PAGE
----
I paid the vet bills by rotating 0% interest introductory offers from 5 credit card companies. Took me about 3 years to get out of debt. Would I do it again? I don't know. I know myself well enough to know that I won't really be making that decision again until I have to. Besides, a lot would depend on the details of my situation at the time.
                      http://www.tunnelsendfarm.com

                      Comment

                      • Original Poster

                        #12
                        Originally posted by Jo View Post
                        I opted for colic surgery on my mare when she was 17 or 18. A lot (most) people thought I was insane. Total cost was around $9k after counting in the hospital stay, vet bills from the work prior to the surgery, etc.

                        She had the best recovery and was back to regular work in no time. The vets were pretty surprised at how quickly she recovered.

                        Biggest complication was infection at the suture site. Two rounds of Tucaprim cleared it up.

                        Worst time? Seeing my horse hanging from her legs being taken into the operating room. Second worst? Trying to get her into the step-up trailer for the ride home when her stomach was full of staples.

                        Do I regret it? Not for one second. She is now almost 26 and still gets ridden regularly. If I hadn't done it, I always would've wondered "what if." I was luckily that I had the financial means and help from my parents to get the surgery paid for.

                        Jo - great story, thanks for sharing - so glad it all worked out for you and your mare. I can't even imagine seeing my guy going into surgery (knock on wood - I won't have to)!
                        http://fromdressagehorsetocowpony.blogspot.com/

                        "I am still under the impression that there is nothing alive quite so beautiful as a thoroughbred horse." -- John Galsworthy

                        Comment


                        • #13
                          I would with my mare. Now, I do have her insured for major medical and life so that is a big reason why I would opt for surgery. If I didn't have her insured I think it would depend on the probably outcome, age of the mare and if the vet clinic was willing to work with me regarding payments.

                          Comment


                          • #14
                            Not entirely the same but we just went through a gelding herniation. So the colt had to be opened up just like a colic bowels lavaged etc etc. Before he was even put on the table the clinic required a 4500$ dollar retainer. He has med surg insurance but it had a 10k cap. 10 Days in the clinic on iv antibiotics and other care and he was well over his insurance cap.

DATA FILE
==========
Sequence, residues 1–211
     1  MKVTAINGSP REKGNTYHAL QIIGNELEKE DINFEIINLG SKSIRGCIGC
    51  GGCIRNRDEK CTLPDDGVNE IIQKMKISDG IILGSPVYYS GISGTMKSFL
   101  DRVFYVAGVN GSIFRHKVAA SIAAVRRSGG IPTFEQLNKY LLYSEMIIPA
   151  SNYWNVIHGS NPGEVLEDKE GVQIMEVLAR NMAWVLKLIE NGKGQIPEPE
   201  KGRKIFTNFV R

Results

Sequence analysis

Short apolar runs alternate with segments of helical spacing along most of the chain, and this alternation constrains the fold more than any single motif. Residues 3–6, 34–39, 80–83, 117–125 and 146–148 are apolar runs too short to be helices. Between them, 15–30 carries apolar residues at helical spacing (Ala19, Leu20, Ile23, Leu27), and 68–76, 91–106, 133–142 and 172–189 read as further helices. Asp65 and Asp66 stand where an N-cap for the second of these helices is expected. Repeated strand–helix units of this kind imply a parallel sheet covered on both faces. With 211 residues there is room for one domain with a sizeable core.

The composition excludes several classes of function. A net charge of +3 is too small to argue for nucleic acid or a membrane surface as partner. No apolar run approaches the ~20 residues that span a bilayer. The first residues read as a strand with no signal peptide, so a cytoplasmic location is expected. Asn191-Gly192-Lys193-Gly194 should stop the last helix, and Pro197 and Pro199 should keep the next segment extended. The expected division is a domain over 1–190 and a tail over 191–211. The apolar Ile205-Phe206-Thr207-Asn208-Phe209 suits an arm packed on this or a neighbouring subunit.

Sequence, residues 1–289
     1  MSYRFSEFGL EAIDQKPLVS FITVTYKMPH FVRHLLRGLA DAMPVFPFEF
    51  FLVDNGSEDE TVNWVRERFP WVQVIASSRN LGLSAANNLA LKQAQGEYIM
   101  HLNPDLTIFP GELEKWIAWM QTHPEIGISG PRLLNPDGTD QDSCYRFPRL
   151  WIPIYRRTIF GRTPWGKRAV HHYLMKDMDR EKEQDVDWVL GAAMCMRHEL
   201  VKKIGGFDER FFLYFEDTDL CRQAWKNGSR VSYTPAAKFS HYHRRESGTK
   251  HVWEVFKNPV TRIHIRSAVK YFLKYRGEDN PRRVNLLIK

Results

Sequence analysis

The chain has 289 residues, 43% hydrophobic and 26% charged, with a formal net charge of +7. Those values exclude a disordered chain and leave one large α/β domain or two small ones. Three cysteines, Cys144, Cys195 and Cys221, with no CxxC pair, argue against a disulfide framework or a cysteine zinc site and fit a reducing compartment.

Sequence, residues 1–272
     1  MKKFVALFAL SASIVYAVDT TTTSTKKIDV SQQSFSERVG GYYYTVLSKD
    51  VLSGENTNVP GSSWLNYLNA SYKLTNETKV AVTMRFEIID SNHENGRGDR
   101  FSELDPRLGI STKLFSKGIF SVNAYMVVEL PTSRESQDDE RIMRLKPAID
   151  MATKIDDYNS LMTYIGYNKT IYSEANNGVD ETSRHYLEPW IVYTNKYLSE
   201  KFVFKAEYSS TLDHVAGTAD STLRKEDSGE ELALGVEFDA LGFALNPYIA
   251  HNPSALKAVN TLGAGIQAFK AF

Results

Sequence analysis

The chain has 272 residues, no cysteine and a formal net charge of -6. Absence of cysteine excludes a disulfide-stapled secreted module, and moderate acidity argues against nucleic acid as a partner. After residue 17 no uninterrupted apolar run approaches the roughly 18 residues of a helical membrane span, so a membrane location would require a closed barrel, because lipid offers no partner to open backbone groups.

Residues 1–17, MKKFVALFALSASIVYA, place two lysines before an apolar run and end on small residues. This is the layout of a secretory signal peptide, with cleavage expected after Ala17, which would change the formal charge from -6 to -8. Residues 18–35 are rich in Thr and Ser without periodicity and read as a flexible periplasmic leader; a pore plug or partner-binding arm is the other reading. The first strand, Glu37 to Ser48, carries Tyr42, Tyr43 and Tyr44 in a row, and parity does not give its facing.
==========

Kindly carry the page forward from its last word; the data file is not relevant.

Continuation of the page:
Horse health care is expensive..but have you ever looked at your own hospital medical bills it pails in comparison.

                            Medicine in general some how sometime long ago just got terribly inflated.
                            "I would not beleive her if her tongue came notorized"

                            Comment

                            • Original Poster

                              #15
                              Originally posted by monstrpony View Post
                              My two are mid- to late-teens now. They are the absolute epicenter of my existence, but major surgery is a no-go for us. God forbid it should come about, but I'd have to let them go. *shudder*
                              I think you are very wise to know what you will do, given certain circumstances.

                              There was a lag in the decision made last night because the owner originally considered taking her mare to the clinic. I think the BO finally convinced her it would not be in the mare's best interests. First, she wasn't a surgical candidate and second, she hadn't been on a trailer in 20 some years. The stress of that alone would have been awful for her.
                              The mare did not suffer during this lag - she was heavily sedated, but I think it's very smart - at least as they get that old - that you, the owner, have some idea of what your criteria is for letting go . . .
                              http://fromdressagehorsetocowpony.blogspot.com/

                              "I am still under the impression that there is nothing alive quite so beautiful as a thoroughbred horse." -- John Galsworthy

                              Comment

                              • Original Poster

                                #16
                                Originally posted by tarynls View Post
                                My horse colicked badly in August of 2009 (fine one minute, literally throwing himself on the ground the next). Vet was close by, got to the farm quickly, sedated him, rectal was fine. I was asked if he was a surgical candidate and when I said yes, the vet was instantly on the phone to the clinic an hour away.

                                Thankfully, we took the center divider out of the trailer as he was down and rolling for the entire trip, despite three doses of Xyalzine (one to sedate for the rectal, half an hour later - a dose to get him up so we could - literally - shove him into the trailer, and another as soon as he was on the trailer) in the space of an hour.